The very valuable commercially modified cow called “Direct Registration” was finally on its way to the milking sheds, having quashed objections and supposedly passing all tests. It was a done deal.
But at the 11th hour the Government expressed concern that not enough consumers had had the opportunity to comment on the potentially radical changes to the eco system.
So the regulator in charge of all cows had a change of heart and decided that “Direct Registration” had to go back to the paddock pending further analysis and feedback. Not only that, they were forced to also put other widely acclaimed changes that would affect all other cows (and the dairy industry) on hold. Dairy farmers, milkers and consumers were left confused and potentially out of pocket.
Putting the above analogy to one side, I don’t really care whether direct registration happens or not. Despite the lack of proper consultation, I had reconciled to it as something that was going to happen come what may (as had many on my side of the fence).
What made it slightly more palatable were the proposed sensible changes to the licensing rules of existing domains. The regulator auDA was widely congratulated for being willing to cut the red tape.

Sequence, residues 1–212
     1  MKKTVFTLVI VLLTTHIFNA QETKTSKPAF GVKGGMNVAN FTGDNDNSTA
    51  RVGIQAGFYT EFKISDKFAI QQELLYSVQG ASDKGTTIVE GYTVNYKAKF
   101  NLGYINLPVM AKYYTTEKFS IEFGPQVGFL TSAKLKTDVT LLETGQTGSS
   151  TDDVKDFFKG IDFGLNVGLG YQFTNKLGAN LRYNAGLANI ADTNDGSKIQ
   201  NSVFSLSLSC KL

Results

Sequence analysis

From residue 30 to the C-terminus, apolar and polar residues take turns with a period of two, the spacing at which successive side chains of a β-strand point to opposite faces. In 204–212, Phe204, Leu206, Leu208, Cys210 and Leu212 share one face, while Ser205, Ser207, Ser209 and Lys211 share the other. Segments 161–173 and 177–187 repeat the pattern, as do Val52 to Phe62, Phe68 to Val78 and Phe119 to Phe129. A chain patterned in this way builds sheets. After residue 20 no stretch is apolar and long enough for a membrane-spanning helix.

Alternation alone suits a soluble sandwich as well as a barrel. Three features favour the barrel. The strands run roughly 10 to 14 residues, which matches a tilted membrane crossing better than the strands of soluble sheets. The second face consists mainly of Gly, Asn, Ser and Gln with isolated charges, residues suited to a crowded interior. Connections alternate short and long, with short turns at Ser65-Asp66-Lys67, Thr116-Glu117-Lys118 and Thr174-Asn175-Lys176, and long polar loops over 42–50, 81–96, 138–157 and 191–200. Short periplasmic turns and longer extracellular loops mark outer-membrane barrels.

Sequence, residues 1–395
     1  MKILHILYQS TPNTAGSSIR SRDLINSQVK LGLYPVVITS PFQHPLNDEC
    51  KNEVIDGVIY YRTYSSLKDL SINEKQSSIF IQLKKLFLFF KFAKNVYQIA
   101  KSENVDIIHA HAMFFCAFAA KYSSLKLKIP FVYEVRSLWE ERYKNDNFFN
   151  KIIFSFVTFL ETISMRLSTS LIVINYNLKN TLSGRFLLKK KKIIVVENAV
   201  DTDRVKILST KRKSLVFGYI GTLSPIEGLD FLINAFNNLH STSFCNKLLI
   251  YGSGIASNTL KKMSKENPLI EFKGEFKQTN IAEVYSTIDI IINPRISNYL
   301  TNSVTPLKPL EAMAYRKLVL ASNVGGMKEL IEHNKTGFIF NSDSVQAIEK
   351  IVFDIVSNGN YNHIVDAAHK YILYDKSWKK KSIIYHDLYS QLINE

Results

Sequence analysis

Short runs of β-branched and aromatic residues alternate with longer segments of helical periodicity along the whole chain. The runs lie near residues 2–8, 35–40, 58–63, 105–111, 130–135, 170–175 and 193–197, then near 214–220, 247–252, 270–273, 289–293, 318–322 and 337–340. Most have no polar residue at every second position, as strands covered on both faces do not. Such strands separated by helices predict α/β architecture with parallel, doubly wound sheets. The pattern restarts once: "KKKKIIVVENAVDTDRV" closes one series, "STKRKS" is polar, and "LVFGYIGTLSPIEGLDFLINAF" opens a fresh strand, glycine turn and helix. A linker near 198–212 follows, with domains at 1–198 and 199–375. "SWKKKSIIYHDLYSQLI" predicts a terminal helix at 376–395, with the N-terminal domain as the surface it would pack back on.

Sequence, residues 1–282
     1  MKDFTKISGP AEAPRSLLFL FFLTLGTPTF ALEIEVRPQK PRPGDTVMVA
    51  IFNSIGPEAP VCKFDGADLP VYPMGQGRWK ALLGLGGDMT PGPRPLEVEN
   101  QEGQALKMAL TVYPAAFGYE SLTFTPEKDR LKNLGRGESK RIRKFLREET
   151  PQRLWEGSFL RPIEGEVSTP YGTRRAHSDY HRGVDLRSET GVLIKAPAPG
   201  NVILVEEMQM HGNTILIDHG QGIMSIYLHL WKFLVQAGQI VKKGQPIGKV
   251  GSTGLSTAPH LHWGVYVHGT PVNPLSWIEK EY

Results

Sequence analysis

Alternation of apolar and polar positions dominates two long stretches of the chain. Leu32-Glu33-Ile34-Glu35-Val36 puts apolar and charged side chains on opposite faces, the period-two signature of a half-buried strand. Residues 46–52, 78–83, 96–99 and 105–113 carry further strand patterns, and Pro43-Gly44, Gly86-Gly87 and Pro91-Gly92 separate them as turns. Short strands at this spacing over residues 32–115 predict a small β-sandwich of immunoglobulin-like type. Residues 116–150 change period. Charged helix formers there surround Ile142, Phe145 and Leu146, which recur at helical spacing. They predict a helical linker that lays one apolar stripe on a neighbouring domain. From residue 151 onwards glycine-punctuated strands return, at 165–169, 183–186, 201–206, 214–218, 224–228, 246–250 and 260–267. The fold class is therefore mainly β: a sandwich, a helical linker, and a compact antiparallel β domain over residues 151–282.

Pragmatism and quid pro quo ruled – direct registration on one hand; but better, fairer and more relaxed rules for com.au and net.au on the other.
In my opinion, direct registration will flop just like UK and NZ did, but it will give registrars in the .au eco system some much needed temporary impetus (cash flow).
com.au will always be king in Australia, and many domain investors will make money from its introduction.
What Should Happen Now
If it’s back to the drawing boards, then it must be done properly.
Better consultation with every registrant is only the start. Because of all these delays, other proposed changes need to be re-looked at. That seems only fair.
Number one amongst these is the protection of existing registrants (part of original mandate); and in particular, I believe the proposed cut-off date for eligibility to qualify for a chance to get the .au domain should be moved back substantially.
What do you think?
Ned O’Meara – 2nd September 2019
I have fought long and hard against direct registration over many years. This includes being a dissenting member of 2015 Names Panel. I was also the initial Demand Class representative of the PRP until I briefly became an auDA Director. But I also believe in proper process, and if this happens then I accept the outcome.